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In our own business, we are promoting a 100% quality culture with zero tolerance for failure to meet standards. This approach extends to our suppliers as well. We monitor compliance of our critical suppliers through third party’s compliance audits leveraging multiple credible sources  such as TCCC SGP Audits, SEDEX SMETA 6.0 and EcoVadis CSR assessment platform Suppliers are required to submit corrective actions to the 3rd party audit bodies when a non-conformance is identified during the audits as a remediation activity. In 2020 we have identified 84 Suppliers with significant environmental impact findings, of which all developed corrective action plans and demonstrated improvement through the year. missing supporting documentation over declared practices, policies etc. or missing regular formalised environmental reporting for relevant KBIs, expired or lack of supporting documentation (e.g. ISO 14001, measures on energy consumptions & GHG emissions), no endorsement of external CSR initiatives or principles (e.g. UN Global Compact), not adequate reporting on environmental issues. In 2020 we have identified 53 Suppliers to have labour & human rights critical findings, of which all developed corrective action plans and demonstrated improvement. Types of these findings identified: Health & Safety incidents, Wages & Benefits corrections needed, Workhours and extended overtime, Lack of supporting documentation against declared practices, polices etc (locations: Russia, Nigeria, Belarus, Romania, Bulgaria, Hungary, UK Serbia), one supplier reported with issues in Forced Labour (in Poland) and one supplier reported with issues in Freedom of Association (in Romania). 

We also engage with our suppliers through our joint value creation initiatives, sustainability events, industry associations, workshops on sustainable supply, annual supply chain innovation workshops, materiality survey and CSR platform for ethical and sustainable supply chains. We invest in joint value creation programs, ranging from developing climate-friendly cold drink equipment to increasing local beet sugar production. In 2020 we organised Suppliers Innovation Days where selected key strategic partners were invited to share with us their most fresh, smart, and innovative ideas that we are currently processing further, a program we continue in 2021.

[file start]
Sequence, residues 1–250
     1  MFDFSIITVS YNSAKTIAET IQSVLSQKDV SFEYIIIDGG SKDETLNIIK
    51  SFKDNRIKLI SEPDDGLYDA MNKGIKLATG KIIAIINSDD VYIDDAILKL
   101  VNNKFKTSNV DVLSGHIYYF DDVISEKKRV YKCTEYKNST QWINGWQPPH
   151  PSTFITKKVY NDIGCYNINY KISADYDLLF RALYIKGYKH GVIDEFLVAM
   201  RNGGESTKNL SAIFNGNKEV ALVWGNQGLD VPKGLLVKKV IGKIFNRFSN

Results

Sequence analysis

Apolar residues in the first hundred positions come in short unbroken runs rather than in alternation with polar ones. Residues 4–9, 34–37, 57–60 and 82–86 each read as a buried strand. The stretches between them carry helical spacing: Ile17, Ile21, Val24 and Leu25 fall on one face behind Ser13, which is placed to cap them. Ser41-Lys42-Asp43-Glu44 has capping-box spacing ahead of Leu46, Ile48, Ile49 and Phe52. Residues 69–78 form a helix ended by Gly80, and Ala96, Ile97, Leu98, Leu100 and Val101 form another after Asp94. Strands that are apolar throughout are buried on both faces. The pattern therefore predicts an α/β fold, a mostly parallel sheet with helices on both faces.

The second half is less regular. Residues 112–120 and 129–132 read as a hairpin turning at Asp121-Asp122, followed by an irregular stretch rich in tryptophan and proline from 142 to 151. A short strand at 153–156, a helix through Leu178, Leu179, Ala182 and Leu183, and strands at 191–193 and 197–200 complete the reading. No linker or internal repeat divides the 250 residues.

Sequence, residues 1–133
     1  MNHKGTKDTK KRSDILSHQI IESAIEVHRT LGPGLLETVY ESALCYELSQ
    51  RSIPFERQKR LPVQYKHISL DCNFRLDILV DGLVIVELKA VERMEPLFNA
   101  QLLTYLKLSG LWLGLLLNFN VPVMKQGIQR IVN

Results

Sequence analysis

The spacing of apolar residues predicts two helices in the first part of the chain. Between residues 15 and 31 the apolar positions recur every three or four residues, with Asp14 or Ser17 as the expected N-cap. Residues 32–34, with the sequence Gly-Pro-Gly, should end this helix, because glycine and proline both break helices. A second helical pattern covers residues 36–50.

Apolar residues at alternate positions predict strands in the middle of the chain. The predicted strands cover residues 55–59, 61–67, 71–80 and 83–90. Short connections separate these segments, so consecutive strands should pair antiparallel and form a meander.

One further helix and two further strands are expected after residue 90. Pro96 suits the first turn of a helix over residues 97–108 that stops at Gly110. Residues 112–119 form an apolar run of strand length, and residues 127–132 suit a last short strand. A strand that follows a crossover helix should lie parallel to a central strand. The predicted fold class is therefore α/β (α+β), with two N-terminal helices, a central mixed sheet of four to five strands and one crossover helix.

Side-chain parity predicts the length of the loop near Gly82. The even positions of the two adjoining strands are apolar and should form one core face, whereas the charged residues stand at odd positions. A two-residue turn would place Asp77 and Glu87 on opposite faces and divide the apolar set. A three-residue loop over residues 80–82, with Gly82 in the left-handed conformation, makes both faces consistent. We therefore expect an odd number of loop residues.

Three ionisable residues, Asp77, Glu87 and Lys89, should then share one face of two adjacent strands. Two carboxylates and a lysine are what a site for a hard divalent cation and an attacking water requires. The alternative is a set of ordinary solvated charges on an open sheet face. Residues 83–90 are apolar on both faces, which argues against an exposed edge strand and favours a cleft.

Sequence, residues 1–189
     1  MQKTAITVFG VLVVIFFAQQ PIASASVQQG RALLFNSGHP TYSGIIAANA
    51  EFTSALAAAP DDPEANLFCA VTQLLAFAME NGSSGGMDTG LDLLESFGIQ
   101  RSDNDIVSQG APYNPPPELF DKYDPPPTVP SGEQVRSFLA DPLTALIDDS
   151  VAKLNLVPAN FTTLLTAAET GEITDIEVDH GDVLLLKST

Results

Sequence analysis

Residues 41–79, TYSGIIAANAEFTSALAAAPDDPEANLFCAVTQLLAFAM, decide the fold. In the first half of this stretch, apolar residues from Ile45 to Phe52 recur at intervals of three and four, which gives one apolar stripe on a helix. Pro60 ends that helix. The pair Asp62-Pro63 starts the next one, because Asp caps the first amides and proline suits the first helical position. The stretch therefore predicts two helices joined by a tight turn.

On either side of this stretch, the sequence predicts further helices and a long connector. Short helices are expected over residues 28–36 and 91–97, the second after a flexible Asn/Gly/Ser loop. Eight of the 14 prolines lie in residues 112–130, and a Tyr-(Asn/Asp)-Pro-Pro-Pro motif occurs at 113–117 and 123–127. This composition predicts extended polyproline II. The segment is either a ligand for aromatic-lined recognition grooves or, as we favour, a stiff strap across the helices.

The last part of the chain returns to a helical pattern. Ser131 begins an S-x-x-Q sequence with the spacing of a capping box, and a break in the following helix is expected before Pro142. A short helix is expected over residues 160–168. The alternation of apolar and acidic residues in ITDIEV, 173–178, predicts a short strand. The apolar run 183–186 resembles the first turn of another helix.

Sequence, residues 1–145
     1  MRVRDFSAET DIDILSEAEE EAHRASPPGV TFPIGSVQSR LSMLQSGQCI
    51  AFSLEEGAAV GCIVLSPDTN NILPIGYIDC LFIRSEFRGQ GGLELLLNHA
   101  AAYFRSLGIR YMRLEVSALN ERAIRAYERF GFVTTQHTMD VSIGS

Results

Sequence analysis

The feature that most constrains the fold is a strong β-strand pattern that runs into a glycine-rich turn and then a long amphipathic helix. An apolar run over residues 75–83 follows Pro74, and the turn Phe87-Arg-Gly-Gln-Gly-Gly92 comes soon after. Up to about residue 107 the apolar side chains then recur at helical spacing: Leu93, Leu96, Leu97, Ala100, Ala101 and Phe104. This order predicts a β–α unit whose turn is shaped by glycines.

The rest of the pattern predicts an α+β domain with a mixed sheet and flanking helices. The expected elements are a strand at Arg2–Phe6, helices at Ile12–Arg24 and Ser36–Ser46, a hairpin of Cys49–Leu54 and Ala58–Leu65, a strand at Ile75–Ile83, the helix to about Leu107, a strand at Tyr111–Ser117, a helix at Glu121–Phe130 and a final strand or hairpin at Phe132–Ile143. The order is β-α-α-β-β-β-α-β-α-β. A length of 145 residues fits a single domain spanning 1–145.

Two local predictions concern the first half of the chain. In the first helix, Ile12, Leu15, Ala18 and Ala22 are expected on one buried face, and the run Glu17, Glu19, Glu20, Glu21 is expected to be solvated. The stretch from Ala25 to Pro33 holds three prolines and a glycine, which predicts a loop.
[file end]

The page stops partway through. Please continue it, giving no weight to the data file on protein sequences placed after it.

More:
Our critical suppliers are invited to subscribe to EcoVadis, a third-party CSR assessment platform, hosting a collaborative network to manage the sustainability performance of suppliers. The platform monitors CSR risks utilizing 21 criteria divided in 4 themes based on international standards as UN Global Compact, ISO 26000, GRI, ILO etc. Starting in 2017 we piloted 140 critical suppliers at the platform and May 2020 we have exceeded 920 of critical suppliers assessments with EcoVadis. Our plans are to extend the third-party CSR assessments in order to ensure more objectivity and equity amongst our suppliers.